The world of "Words and Symbols" is a very daring conception in contemporary art. Painters have, of course, used symbols and in ancient times the script, but none has conceived anything so full, complete and contemporary entirely in terms of words and symbols. His colour gets disembodied or denatured in these pictures, but much of its life, as found in his early water colours, issues out in the spirited passages in line. With these, Paniker, in these pictures, visualised immense arrays of forms of life coming together in a design of great grandeur and mystery. With a vision as large as that, minutely strict and yet so sensitive in its comprehension, Paniker makes the group and figure for an uncommon beauty.
The illusion of space, of light and colour in his early water colours, the emotion and pain of his figures and groups he dispels as he searches in these great pictures for the "word" that can inwardly assure and give peace. It is indeed a tribute to the great painter to house under one roof an amazing collection of his works left behind by him and gifted by his family, for in these pictures there is the spirit which knows and loves its humanity.
An exhibition of K.C.S. Paniker's drawings and sketches from the early 1940s to the mid-1950s will be on view at the Art World Gallery, Chennai, from November 1 to 23, 2004.
MY earliest impressions of my father is of a person who was always surrounded by a doting group of art students who took his critiques on their work very seriously. It was in connection with this that I once asked him how he managed to tell them honestly what he thought of their creations. This query is quite pertinent at all stages of development. Often I have observed art columnists tearing apart a young artist's show, leaving him absolutely bewildered. My father had a wonderful answer to this. He told me that if the colour in a work was good but the drawing quite appalling, he would tell the student how lovely his colour was, but never mention anything about his drawing. On quiet reflection the student would ponder over the remark and realise why his teacher never referred to his drawing at all. This would eventually bring out the best in the student instead of remarking on his poor drawing which father believed was akin to sticking a knife into him and scarring his creative development.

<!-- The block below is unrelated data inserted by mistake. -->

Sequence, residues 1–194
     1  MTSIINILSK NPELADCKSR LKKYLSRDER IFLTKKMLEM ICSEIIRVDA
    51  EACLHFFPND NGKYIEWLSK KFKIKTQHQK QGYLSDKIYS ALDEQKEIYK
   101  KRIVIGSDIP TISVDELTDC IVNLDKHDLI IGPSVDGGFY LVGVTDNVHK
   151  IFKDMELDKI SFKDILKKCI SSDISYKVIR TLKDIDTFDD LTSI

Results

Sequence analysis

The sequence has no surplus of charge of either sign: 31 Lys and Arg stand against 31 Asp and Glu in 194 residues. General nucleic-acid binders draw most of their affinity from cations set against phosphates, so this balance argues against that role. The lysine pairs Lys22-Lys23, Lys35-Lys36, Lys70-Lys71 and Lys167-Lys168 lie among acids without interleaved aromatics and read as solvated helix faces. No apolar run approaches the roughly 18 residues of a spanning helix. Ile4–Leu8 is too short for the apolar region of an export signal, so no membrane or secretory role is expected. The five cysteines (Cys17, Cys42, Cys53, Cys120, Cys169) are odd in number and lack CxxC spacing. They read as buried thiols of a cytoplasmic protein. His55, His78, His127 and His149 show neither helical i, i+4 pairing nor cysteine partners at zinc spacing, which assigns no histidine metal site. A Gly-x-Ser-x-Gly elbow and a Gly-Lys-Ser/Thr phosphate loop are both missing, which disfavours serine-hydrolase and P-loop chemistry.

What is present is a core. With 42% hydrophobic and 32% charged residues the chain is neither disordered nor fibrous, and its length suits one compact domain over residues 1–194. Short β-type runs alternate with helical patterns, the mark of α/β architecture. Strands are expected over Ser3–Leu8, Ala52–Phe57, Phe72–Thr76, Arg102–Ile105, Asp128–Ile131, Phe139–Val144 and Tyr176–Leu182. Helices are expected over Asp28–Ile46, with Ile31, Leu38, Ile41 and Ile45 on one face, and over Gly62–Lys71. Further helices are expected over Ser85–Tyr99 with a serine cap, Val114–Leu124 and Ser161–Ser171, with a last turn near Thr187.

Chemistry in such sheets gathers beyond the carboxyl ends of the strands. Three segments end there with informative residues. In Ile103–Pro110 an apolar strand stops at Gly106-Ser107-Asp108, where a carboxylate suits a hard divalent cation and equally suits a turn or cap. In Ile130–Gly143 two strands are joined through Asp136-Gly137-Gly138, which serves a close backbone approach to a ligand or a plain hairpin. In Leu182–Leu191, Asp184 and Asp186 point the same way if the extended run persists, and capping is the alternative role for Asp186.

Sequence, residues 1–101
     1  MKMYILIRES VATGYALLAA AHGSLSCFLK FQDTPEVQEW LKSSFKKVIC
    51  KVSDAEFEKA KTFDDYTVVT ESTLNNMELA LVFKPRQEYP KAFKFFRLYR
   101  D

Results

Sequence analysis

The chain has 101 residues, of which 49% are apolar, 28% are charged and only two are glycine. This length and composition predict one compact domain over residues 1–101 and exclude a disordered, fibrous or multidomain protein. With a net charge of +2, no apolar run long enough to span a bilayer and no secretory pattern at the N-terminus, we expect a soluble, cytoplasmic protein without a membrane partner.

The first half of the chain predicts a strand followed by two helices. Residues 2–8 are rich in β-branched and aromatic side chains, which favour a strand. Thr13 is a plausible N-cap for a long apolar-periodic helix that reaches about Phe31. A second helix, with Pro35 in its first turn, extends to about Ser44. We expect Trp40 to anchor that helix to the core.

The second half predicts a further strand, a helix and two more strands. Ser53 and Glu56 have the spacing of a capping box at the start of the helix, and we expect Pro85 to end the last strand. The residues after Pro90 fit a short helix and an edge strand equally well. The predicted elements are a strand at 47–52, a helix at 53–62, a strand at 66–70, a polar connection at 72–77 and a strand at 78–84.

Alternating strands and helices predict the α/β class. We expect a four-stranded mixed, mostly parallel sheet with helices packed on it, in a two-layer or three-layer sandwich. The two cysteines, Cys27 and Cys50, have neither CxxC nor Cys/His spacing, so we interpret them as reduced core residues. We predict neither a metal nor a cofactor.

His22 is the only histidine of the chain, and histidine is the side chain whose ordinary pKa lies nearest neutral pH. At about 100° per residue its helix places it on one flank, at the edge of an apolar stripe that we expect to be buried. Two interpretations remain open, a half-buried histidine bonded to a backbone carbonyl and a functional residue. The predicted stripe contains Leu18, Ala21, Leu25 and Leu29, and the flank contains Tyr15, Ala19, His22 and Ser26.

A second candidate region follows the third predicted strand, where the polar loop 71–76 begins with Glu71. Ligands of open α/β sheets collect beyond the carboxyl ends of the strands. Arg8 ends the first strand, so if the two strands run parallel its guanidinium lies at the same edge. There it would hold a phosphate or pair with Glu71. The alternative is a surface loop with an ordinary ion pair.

Early enough I realised that my father was a perfectionist and achievement oriented in his zeal to promote excellence in art. His exacting standards caused the best in an artist's work to come to the fore. I remember him regaling me with tales of human endeavour and the ways in which such things were brought about.
An incident regarding Chandra Gupta Maurya particularly caught my imagination. Chanakya took him to meet Alexander the Great who was camping nearby. One look at the great conqueror was enough. It transformed Chandra Gupta, and the rest of course is history.
Why Cholamandal? It is a question that has often been asked. When I think about Ramanujam, that demented genius of a painter who took his life when he was hardly 31 years old, this question answers itself. Probably my father had artists like him in mind when he dreamt of a place like this.
Ramanujam came from an impoverished Iyengar family in Triplicane. Congenitally handicapped, which caused a slurring of his speech and crippled by severe schizophrenic tendencies, he sought refuge in his awesome drawings and in his strange world of dreams. Ramanujam had observed local theatre groups and musicians perform at the open-air-theatre at Cholamandal and it seemed to him perfectly natural that he would also be given an opportunity to narrate his stories based on the dreams that haunted him constantly.
On his request, my father ordered for some refreshments to be served and Ramanujam's story telling session began. They would invariably be of royalty and of a world of fantastic creatures where everyone existed in harmony, perhaps quite in contrast to the tormented world of taunts and derision he had to face in reality. As expected, as soon as the refreshments ran out and it began to grow dark the artists trickled away one by one and finally only my father remained, listening patiently to him, both of them silhouetted against the setting sun. He would often wonder as to what would happen to Ramanujam if Cholamandal was not there. It had served, to some extent, to cocoon him from a world that was brusque and had no time for him at all.